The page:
Like most scientists, they felt comfortable with numbers, tangible facts, and mechanics. Why would an alien signal us? Well, because they could, so they would. They wanted to exchange knowledge because the operators had to be fellow scientists, which meant that even though they were alien, they had to think similarly to us, otherwise they would not be conducting METI/SETI. We were looking for versions of us, very specific versions if truth be told.


The accuracy of the statements is attested by Mark A. Sheriden’s excellent and insightful work titled SETI: A Critical History. From Chapter 10, Sheriden gives this quote from Dr. Jill C. Tarter, the recently retired director of the Center for SETI Research at the SETI Institute in Mountain View, California:

Not long after the [1979 NASA Life in the Universe] conference Jill Tarter, a key member of SETI’s second-generation leadership team, acknowledged that SETI was, indeed, “tuned” to find humanoids. “Those forms that we do find in this manner [i.e., a SETI-style search] will be more similar to life as we understand it than other forms that may exist. We put a filter on the problem.”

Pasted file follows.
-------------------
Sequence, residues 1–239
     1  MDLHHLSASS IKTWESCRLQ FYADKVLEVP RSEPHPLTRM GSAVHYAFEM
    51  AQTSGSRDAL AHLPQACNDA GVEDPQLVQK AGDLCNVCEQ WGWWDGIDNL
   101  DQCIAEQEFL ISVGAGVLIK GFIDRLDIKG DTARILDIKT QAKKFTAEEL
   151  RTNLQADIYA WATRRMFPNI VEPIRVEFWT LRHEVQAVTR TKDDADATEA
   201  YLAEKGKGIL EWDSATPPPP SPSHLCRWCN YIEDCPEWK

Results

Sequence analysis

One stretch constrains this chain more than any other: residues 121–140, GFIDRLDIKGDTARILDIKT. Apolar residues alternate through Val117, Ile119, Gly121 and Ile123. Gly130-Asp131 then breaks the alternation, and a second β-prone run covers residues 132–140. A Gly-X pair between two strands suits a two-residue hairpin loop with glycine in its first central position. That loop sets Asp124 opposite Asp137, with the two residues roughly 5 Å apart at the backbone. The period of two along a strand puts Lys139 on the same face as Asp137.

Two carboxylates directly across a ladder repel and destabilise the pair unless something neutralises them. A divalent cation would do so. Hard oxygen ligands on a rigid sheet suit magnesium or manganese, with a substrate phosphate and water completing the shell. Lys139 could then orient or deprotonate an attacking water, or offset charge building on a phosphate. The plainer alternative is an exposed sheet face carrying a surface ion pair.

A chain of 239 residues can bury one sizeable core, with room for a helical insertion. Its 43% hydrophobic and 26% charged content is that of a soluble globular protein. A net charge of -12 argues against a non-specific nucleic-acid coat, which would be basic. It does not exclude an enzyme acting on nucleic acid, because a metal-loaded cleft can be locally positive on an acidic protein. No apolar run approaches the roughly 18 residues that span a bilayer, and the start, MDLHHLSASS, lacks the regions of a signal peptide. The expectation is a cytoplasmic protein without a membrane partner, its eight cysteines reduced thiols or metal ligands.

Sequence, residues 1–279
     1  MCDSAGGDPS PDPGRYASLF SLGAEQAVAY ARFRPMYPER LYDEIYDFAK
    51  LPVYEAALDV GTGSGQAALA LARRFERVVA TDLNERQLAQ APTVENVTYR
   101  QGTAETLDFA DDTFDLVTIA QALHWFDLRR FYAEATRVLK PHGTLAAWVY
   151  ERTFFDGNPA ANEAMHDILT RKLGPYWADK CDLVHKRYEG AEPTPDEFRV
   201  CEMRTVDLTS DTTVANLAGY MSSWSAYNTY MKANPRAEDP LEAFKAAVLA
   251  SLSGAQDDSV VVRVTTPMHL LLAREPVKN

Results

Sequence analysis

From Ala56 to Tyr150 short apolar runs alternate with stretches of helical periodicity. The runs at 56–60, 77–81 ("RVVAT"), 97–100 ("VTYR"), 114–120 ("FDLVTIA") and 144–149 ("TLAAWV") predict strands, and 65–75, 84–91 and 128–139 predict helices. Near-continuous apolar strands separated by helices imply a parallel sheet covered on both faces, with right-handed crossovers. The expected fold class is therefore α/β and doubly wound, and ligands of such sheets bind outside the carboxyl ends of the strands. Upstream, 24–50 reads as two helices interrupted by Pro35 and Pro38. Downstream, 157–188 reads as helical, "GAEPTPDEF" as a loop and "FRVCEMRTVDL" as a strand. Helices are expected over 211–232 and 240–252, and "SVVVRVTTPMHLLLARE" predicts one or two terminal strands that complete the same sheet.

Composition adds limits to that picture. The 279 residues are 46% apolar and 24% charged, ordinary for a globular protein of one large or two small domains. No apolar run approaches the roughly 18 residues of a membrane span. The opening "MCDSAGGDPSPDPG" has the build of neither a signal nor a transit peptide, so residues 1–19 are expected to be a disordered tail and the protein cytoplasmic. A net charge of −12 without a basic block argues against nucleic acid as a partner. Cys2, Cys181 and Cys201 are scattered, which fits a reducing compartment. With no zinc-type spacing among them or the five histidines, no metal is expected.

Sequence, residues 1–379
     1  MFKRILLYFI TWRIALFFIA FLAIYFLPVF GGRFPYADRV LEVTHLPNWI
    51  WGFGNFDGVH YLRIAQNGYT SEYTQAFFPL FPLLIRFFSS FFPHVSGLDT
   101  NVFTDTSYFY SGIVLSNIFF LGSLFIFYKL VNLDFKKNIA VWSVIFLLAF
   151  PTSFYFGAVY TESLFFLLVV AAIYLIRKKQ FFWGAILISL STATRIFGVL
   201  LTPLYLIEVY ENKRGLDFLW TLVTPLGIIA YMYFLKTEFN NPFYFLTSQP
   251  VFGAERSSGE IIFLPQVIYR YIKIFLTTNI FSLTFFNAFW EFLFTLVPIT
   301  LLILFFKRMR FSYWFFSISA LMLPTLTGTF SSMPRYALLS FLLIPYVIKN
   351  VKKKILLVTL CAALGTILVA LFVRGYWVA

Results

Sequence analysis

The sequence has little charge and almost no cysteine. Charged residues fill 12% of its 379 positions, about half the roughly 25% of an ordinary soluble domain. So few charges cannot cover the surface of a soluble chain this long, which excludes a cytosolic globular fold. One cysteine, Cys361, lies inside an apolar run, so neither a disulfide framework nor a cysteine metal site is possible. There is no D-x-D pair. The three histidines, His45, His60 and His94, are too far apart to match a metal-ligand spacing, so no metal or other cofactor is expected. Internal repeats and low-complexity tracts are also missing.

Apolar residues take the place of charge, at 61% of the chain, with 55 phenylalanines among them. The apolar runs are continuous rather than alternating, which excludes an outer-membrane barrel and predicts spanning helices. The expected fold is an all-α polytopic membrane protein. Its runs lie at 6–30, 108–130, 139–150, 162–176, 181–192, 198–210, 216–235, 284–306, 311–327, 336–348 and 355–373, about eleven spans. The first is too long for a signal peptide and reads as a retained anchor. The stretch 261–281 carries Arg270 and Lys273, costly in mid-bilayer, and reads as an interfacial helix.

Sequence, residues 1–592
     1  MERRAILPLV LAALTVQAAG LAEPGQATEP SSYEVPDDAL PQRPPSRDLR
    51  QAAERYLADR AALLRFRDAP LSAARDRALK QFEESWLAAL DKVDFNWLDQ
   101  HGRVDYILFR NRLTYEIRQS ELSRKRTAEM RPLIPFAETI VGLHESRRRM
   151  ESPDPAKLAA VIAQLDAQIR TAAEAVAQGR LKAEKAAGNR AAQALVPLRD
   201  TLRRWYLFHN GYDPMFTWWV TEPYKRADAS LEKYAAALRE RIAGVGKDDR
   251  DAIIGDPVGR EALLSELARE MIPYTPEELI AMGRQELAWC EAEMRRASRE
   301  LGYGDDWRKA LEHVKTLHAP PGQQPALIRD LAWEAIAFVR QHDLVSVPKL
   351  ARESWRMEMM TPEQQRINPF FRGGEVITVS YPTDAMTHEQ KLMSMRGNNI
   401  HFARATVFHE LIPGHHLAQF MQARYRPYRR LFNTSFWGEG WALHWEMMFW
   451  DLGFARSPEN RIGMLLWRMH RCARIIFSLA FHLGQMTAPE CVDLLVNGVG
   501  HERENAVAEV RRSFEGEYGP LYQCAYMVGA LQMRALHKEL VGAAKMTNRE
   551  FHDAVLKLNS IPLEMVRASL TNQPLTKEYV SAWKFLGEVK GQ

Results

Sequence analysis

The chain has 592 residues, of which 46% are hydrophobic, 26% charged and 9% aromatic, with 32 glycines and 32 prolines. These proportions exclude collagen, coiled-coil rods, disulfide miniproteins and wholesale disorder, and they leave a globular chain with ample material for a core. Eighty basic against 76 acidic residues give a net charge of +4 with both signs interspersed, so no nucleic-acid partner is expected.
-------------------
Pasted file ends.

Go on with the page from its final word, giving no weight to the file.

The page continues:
When asked what she would do differently if starting over again to study ETIs, Tarter responded with an echo of Shklovskii’s complaint prior to Byurakan-II, that the American SETI scientists failed to acknowledge the “complexity” of the problem they faced and, in particular, were ignoring the “humanities and biological aspects.” Tarter said, “I neglected biology, and civilizations, and paleontology.” In other words, she would have paid more attention to the “nature” aspects of the opportunity SETI represented.

Puzzling Out Alien Motivations

Why would an alien intelligence want to contact the stars? The possible motivations for such actions – or lack thereof – are just as important for the success of SETI and METI as figuring out how beings from another world (assuming the majority live on a planet or moon in the first place; another paradigm, perhaps?) might go about sending out signals into the galaxy.

Anthropologists, sociologists, biologists, and historians might have a clue in this area. At present they may have the native dwellers of only one planet to base their research and ideas upon, but at least it is a world with a very wide variety of life and an ancestry dating back at least 3.8 billion years.